PFA : Rulings concerning the payment of parents' pensions and divorce benefits

29 August 2007 PFA

The Pension Funds Adjudicator today issued two important rulings concerning the payment of parents' pensions and divorce benefits.  The issue of a parent's pension arose in the matter of Ntsane v Municipal Employees Pension Fund & Westonaria Local Municipality.
The complainant was the mother of the late Mr Ntsane, who was a member of the fund. Upon the death of Mr Ntsane on 27 July 2003, a lump sum benefit of R103,476.20 became available for distribution. The fund decided to pay the complainant R10,347.62, while the minor child of the deceased received R93,128.58.  The minor child also commenced receiving a monthly pension in the sum of R571.54. The Adjudicator, after considering all the evidence before the tribunal, was satisfied that the fund acted reasonably and properly in making the above distribution, in that it had taken into account all the relevant factors and discarded irrelevant considerations.
However, the matter did not end there as the rules of the fund provided for the payment of a parent's pension. The Adjudicator examined rule 41, in terms of which where the member is survived by a parent (or parents jointly), who was financially dependent on the member, then such a parent is entitled to a monthly annuity payable by the fund. On the facts of this case, it was common cause that the complainant was the mother of the deceased and financially dependent on the member and therefore the Adjudicator was of the view that the complainant was entitled to a monthly annuity.
The fund was ordered to pay the complainant all arrear monthly annuities that were due from August 2003 to the date of this determination as a lump sum, together with interest thereon. Furthermore, the fund was ordered to commence paying the complainant a monthly annuity in terms of the rules of the fund.
This ruling again serves as an important reminder to trustees on the one hand and members and beneficiaries on the other that upon the death of a member, the beneficiaries are not only entitled to the lump sum payment, but may also be entitled to specific pensions regulated in the rules of the fund.
The Adjudicator also issued an important ruling concerning the payment and computation of divorce benefits payable by Retirement Annuity Funds in the matter of Du Plessis v Central Retirement Annuity Fund and Sanlam Life Insurance Limited.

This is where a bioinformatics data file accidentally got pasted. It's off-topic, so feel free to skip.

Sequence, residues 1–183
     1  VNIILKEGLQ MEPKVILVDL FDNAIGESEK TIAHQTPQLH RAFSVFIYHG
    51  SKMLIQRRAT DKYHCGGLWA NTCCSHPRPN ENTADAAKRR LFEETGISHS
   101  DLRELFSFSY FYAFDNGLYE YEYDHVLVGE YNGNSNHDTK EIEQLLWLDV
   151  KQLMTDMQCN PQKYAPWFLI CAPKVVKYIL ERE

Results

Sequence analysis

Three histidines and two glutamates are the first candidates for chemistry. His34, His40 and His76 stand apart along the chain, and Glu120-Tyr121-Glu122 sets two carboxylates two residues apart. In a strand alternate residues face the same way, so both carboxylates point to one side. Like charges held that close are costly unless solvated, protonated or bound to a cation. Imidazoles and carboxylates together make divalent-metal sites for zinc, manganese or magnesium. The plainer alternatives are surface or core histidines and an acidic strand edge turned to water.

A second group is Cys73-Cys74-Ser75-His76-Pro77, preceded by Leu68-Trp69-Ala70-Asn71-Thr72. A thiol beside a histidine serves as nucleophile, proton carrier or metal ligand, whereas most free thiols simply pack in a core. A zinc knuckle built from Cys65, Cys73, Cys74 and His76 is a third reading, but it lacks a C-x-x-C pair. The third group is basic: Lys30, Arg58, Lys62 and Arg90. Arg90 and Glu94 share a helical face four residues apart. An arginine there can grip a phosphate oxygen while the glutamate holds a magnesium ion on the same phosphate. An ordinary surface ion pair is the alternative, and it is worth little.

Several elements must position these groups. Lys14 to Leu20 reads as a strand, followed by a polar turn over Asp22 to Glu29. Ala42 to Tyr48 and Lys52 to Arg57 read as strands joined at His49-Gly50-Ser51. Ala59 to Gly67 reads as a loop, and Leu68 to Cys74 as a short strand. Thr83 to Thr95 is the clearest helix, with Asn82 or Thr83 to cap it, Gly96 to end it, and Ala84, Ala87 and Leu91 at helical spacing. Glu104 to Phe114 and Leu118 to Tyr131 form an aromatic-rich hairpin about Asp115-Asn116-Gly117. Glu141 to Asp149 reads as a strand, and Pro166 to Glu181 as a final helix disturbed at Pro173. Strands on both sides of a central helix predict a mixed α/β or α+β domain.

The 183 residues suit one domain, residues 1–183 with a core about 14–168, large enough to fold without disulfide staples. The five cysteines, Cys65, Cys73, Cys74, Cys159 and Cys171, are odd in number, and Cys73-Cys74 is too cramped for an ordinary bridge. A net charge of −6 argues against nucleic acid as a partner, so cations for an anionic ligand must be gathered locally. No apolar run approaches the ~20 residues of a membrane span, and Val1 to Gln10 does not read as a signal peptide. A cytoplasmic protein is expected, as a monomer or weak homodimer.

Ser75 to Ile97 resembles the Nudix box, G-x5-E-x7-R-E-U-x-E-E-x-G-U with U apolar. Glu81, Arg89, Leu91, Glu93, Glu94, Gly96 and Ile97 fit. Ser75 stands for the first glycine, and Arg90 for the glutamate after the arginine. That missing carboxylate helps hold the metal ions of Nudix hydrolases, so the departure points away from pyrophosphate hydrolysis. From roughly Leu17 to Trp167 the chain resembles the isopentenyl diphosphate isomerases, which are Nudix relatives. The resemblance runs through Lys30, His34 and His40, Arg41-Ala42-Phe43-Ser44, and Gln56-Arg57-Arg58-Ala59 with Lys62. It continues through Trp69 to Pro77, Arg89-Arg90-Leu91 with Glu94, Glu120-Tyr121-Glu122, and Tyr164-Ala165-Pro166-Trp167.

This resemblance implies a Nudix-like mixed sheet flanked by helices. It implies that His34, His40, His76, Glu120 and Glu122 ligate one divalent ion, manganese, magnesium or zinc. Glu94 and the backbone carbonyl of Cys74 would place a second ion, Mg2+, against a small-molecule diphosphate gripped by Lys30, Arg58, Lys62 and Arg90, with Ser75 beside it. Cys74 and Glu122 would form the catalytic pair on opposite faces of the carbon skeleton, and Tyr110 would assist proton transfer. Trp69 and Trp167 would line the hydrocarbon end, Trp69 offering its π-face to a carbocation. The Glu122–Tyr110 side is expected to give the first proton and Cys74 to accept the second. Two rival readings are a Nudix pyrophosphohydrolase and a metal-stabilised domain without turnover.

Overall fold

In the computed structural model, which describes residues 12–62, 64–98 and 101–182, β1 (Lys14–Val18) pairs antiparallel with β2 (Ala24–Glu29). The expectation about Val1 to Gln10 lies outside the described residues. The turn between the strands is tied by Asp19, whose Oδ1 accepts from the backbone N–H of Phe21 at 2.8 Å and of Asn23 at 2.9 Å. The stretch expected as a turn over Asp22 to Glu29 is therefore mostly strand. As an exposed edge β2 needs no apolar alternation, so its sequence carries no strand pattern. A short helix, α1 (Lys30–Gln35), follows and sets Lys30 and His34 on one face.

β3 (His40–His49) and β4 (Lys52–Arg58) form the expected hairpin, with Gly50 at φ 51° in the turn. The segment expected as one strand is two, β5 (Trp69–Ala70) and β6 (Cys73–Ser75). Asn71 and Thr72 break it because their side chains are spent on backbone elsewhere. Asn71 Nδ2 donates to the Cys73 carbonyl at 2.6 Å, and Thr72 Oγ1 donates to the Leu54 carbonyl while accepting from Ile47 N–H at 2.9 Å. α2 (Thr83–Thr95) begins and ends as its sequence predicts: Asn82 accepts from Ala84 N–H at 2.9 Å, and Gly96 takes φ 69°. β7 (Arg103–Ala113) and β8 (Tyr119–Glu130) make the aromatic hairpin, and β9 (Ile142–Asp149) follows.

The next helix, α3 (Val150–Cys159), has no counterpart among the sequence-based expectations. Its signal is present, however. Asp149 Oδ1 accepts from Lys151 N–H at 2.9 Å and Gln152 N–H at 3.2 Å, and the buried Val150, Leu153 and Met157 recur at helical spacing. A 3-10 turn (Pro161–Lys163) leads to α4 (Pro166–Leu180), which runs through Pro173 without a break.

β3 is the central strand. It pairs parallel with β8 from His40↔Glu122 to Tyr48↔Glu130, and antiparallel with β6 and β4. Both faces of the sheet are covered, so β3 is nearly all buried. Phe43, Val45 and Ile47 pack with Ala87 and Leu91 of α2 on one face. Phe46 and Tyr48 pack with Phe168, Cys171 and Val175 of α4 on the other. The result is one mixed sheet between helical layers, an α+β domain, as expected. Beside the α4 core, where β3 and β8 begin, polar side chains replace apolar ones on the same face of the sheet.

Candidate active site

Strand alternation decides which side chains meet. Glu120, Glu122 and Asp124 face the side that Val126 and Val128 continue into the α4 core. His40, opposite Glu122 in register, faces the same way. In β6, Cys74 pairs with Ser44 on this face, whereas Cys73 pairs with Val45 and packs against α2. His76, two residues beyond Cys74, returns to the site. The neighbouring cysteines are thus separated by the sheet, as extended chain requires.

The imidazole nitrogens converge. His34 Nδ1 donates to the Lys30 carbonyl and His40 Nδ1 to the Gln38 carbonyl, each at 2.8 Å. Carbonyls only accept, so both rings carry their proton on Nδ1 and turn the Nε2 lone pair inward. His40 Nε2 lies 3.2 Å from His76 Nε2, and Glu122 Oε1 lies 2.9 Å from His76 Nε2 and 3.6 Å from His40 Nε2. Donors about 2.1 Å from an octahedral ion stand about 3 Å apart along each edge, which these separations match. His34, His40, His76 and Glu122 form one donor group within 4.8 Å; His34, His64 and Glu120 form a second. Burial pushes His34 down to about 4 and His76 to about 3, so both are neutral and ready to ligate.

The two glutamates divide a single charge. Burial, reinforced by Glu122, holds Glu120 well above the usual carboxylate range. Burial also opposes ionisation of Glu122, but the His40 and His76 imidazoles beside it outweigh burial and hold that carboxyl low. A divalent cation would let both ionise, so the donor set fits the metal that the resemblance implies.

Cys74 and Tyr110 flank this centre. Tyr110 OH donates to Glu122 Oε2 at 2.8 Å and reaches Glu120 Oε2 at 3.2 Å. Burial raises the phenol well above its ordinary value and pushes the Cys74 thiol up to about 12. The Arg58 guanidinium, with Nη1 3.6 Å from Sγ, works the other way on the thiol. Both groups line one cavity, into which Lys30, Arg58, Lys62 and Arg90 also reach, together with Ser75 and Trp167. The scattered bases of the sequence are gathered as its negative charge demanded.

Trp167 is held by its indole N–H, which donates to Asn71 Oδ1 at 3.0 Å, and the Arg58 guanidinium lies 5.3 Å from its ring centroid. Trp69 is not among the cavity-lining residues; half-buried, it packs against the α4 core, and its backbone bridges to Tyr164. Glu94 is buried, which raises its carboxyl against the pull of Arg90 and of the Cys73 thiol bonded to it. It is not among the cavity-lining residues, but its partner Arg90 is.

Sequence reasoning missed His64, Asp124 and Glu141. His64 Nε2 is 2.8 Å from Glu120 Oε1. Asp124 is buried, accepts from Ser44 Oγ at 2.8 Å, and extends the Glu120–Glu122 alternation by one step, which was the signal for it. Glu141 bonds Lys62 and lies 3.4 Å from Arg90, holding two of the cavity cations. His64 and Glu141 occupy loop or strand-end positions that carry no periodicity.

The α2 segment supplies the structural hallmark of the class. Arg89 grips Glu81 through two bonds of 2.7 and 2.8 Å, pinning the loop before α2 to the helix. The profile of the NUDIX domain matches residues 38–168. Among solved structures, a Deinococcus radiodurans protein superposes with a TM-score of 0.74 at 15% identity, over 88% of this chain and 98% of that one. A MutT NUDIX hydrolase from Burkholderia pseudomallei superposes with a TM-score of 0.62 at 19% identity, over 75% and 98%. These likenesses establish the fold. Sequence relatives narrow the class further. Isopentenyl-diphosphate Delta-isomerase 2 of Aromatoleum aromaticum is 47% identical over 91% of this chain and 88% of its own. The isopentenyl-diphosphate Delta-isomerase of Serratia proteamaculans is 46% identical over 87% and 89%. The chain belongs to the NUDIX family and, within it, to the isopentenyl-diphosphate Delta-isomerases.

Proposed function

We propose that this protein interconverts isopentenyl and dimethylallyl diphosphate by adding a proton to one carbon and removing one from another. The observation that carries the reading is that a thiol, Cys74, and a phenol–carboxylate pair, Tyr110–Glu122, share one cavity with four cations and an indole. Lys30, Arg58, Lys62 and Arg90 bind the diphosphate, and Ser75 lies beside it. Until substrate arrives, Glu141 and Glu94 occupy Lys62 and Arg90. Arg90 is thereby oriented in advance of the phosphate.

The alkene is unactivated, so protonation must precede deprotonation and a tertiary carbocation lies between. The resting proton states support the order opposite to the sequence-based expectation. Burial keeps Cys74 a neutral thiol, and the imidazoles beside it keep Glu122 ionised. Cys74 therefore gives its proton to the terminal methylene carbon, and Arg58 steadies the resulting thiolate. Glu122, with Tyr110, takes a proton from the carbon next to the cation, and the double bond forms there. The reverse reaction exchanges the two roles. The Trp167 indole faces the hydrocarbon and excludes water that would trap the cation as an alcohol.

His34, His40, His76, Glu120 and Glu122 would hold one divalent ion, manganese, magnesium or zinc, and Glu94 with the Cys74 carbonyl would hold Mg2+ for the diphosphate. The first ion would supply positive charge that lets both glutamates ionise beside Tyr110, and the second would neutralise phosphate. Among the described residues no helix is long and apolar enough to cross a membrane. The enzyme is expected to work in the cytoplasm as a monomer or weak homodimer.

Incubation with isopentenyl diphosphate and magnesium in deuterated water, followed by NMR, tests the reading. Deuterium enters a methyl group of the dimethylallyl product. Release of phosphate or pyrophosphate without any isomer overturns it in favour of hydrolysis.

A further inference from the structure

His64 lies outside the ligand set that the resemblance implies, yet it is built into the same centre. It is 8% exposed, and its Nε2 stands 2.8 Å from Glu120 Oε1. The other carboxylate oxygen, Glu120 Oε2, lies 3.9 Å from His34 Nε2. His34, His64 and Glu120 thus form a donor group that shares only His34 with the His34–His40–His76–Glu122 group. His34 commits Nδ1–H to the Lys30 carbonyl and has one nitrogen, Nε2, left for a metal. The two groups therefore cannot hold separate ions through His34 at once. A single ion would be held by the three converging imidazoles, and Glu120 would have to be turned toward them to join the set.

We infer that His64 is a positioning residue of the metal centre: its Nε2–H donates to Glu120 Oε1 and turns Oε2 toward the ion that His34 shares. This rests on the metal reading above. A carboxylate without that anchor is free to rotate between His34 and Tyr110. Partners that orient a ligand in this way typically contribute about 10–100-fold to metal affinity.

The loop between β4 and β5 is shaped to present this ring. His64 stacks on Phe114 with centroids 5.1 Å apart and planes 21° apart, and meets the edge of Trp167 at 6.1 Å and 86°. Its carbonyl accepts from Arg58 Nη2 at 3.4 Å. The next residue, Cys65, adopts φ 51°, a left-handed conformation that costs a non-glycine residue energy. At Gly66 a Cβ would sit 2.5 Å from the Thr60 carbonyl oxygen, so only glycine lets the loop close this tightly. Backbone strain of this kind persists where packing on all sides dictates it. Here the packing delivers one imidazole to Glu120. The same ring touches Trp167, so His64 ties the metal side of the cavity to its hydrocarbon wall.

The complainant and the former husband were divorced on 17 August 1999. In terms of the divorce order, she was entitled to one half of the pension interest as at the date of divorce in respect of the two underlying policies held by the fund on behalf of the ex-husband. According to the policy documents, the maturity dates were in January 2001 and August 2001 respectively. However, Mr Du Plessis, in terms of the rules of the fund decided to move his retirement dates to 22 October 2005. Upon his retirement, the complainant received in total R28,387.85 from the fund, representing 50% of the member's pension interest. This amount represented a potion of the member's contributions as at the date of divorce together with simple interest. The complainant was unhappy as firstly she was of the view that the benefit should have been paid to her in 2001 and secondly she was aggrieved that she did not receive 50% of the value of the policies which were projected respectively at R72,048.97 and R28,928.00 in 2001.
The Adjudicator examined the provisions of the Divorce Act and held that the law contemplates an award to the non-member spouse of any part of the member's pension interest calculated as at the date of divorce, but with effect from a future date when the pension benefit accrues to the member spouse. On the facts of this case, in terms of the definition of retirement date in the rules of the fund, Mr Du Plessis was entitled to initially and subsequently change his retirement date to any date, the latest being the date of his 70th birthday. Thus, as the benefit only accrued to the member in October 2005, in terms of the current legislation, the benefit could not be paid in 2001.
Regarding the computation of the benefit, the Adjudicator held that the complainant's share was correctly based on the member's total contributions, plus simple interest up to the date of divorce. In terms of the existing law, she was not entitled to any other benefits including a portion of the projected values of the policies. Furthermore, the provisions of the Divorce Act do not permit interest or capital growth to be added to the portion of the divorce benefit from the date of divorce to the date of eventual payment.
Therefore, the Adjudicator dismissed the complaint. However, she referred to the current Pension Funds Amendment Bill before Parliament, which proposes a radical shift with regard to the payment of divorce benefits.  Unfortunately, this did not assist the complainant in any way but when passed will have an impact on other spouses entitled to divorce benefits.

To read the Ntsane v Municipal Employees Pension Fund ruling click here (PDF File 59KB)

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